About that Vision…
On Friday, a U-T San Diego panel of experts gave a majority “No” response to a question of whether its proposed waterfront sports resort is an “economically wise investment.” Despite that, the newspaper published an opinion on Sunday questioning whether the current plans for an expanded Convention Center are viable, and raising the profile of the project’s opponents, who include organized labor. The article says its recently proposed stadium complex is a “better path forward.”
That proposal, which includes developing two beaches on the space occupied by the terminal, “could be developed without disruption of the existing port operations.”
This, ostensibly, puts visitors and bathers on the new beaches in the same space as 725-foot Dole container ships that arrive once a week at the terminal in question.
Also, as our Scott Lewis noted last night, one of the two big problems the newspaper says is standing in the way of the current convention center expansion plans is the questionable legality of a hotel-room tax increase. But the newspaper’s own vision included this tax hike too. Why would the paper’s version not face the same trouble?
High Cost for Fixed Ticket
A San Diego police sergeant and a deputy district attorney are in hot water over an alleged ticket-fixing incident. NBC San Diego wrote Saturday that the two could lose their jobs over the charges of conspiracy to obstruct justice and alteration or destruction of a traffic citation.
Bipartisan Parties and Fireworks
Last year, an environmental group successfully sued the city of San Diego after it was discovered that the city hadn’t been following a policy related to permitting fireworks shows, or specifically in this case, the show over the La Jolla Cove on July 4, 2011. But the decision against the city had far-reaching implications, reports KPBS.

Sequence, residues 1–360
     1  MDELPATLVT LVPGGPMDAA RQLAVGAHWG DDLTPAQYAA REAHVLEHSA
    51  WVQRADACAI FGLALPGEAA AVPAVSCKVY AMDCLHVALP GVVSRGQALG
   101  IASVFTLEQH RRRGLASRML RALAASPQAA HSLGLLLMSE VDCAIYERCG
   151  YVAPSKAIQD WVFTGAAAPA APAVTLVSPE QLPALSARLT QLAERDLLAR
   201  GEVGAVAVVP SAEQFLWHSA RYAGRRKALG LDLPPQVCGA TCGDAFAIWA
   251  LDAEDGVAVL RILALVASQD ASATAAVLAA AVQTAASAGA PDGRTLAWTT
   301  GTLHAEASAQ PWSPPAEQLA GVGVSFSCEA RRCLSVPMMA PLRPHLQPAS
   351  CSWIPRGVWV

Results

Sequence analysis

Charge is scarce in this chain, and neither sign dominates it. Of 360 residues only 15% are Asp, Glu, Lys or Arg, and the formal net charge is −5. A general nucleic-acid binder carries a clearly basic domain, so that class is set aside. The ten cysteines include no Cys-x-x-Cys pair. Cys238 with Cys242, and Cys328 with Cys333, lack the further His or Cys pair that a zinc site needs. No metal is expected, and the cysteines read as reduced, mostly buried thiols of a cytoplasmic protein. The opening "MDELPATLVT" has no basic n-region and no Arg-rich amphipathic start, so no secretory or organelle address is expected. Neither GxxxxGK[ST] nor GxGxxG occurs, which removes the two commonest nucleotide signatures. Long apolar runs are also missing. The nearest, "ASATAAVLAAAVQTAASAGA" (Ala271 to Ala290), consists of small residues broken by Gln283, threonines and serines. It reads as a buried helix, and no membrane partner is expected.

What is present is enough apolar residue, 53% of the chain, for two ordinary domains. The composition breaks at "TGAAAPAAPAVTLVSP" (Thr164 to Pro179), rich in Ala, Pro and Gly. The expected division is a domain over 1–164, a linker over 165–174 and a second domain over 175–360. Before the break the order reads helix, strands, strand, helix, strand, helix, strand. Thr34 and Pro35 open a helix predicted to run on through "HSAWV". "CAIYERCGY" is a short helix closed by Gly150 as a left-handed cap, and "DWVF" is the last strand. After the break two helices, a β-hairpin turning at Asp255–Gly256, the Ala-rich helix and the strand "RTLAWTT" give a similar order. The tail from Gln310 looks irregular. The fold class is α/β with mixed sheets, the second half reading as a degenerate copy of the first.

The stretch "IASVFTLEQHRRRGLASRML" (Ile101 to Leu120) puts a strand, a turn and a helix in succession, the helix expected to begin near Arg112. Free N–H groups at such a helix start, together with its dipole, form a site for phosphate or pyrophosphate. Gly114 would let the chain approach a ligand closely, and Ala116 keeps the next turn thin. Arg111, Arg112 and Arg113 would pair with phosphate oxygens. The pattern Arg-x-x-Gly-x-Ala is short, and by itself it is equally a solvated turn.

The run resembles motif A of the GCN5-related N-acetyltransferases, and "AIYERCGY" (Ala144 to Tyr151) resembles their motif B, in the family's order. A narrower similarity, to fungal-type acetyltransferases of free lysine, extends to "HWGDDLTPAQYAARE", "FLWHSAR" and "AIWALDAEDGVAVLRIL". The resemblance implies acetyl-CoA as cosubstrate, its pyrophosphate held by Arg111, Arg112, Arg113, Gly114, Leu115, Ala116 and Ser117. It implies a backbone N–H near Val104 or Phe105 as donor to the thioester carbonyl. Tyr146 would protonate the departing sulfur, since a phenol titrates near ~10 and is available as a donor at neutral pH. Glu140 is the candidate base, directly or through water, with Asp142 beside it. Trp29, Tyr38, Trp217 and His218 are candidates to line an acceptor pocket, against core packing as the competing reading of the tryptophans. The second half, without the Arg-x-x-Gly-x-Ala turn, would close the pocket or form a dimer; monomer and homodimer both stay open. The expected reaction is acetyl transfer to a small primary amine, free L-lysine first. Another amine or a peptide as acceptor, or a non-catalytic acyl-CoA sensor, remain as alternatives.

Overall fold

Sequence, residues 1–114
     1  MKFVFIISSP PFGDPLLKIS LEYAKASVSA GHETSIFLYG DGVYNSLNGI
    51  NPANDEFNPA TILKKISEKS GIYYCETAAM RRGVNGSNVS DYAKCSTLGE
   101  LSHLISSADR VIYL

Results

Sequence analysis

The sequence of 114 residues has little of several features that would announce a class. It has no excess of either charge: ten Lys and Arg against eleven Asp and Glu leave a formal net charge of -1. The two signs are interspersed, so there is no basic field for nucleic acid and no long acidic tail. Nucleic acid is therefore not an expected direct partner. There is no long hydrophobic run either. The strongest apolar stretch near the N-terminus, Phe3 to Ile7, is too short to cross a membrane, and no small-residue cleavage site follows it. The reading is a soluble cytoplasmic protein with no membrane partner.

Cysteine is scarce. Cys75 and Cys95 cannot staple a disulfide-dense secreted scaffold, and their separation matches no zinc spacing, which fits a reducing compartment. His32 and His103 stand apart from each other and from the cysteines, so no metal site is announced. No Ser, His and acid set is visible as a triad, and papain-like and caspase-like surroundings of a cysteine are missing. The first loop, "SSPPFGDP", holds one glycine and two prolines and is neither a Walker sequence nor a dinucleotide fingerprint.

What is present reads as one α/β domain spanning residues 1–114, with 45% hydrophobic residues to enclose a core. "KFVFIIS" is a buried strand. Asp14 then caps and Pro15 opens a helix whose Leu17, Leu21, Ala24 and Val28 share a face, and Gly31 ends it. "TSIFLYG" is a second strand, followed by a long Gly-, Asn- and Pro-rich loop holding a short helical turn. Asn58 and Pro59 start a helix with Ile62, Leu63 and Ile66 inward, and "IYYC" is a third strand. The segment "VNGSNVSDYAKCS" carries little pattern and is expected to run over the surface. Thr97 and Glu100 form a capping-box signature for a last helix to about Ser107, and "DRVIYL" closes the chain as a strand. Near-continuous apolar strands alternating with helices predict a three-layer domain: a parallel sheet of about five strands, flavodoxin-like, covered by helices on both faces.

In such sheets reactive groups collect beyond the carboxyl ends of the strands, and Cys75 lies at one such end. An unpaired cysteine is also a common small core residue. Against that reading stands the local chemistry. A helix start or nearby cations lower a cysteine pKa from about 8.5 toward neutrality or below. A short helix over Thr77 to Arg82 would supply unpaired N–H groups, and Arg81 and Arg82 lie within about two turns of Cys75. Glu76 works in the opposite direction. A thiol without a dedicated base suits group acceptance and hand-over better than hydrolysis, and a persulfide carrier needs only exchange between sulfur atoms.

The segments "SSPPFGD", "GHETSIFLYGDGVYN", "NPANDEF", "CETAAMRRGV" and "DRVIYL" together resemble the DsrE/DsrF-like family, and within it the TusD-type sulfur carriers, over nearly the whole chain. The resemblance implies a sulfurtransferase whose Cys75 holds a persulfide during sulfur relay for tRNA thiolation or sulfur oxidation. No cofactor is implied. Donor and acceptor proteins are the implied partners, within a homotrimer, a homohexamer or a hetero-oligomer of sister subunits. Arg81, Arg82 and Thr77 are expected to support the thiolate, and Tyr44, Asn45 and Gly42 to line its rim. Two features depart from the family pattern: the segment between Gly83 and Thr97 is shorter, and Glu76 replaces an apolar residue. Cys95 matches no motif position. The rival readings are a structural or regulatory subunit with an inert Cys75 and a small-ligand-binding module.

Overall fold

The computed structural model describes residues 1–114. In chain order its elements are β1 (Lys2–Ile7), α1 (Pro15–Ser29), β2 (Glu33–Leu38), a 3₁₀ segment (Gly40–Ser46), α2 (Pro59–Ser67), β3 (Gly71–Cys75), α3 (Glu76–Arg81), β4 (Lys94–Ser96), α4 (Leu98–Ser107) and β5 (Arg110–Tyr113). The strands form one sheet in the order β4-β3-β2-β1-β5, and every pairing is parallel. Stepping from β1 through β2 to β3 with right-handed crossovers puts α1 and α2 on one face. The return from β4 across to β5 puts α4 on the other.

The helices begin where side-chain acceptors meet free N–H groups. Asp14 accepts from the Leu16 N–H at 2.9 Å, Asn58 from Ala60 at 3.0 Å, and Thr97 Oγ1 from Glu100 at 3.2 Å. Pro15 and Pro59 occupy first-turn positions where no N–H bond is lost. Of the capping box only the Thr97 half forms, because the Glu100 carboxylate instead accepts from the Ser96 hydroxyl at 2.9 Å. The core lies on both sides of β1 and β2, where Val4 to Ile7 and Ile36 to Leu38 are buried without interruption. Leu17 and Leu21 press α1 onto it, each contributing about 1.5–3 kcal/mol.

“When the judge issued the ruling, it essentially said the city has been violating the law in the way it has been processing permits for all of these types of events,” said Attorney Marco Gonzalez, who argued against the city in the case. That meant that small events like birthday parties and even picnics could be affected.
State Senator Juan Vargas (D) has co-sponsored a bill that would allow events “of a limited duration” by exempting them from the California Environmental Quality Act.
We’re Closer Than You Think
It is commonly said that Americans are increasingly polarized when it comes to politics. But social scientists say that simply isn’t true, reported the Los Angeles Times. At the annual meeting of the Society for Personality and Social Psychology in San Diego, scientists reported on their examination of data collected from 1948 to 2008. According to their findings, we aren’t any more polarized today than we were decades ago, but we all tend to overestimate the distance between the two major parties. Researchers also found that, despite perceptions, neither party actually holds a monopoly on moral convictions.
The researchers backed up their conclusions with an image of a map of the United States, overlaid with red or blue, depending on the dominant political leanings of that area.
The map was overwhelmingly red.
Seth Hall can be reached at email@example.com.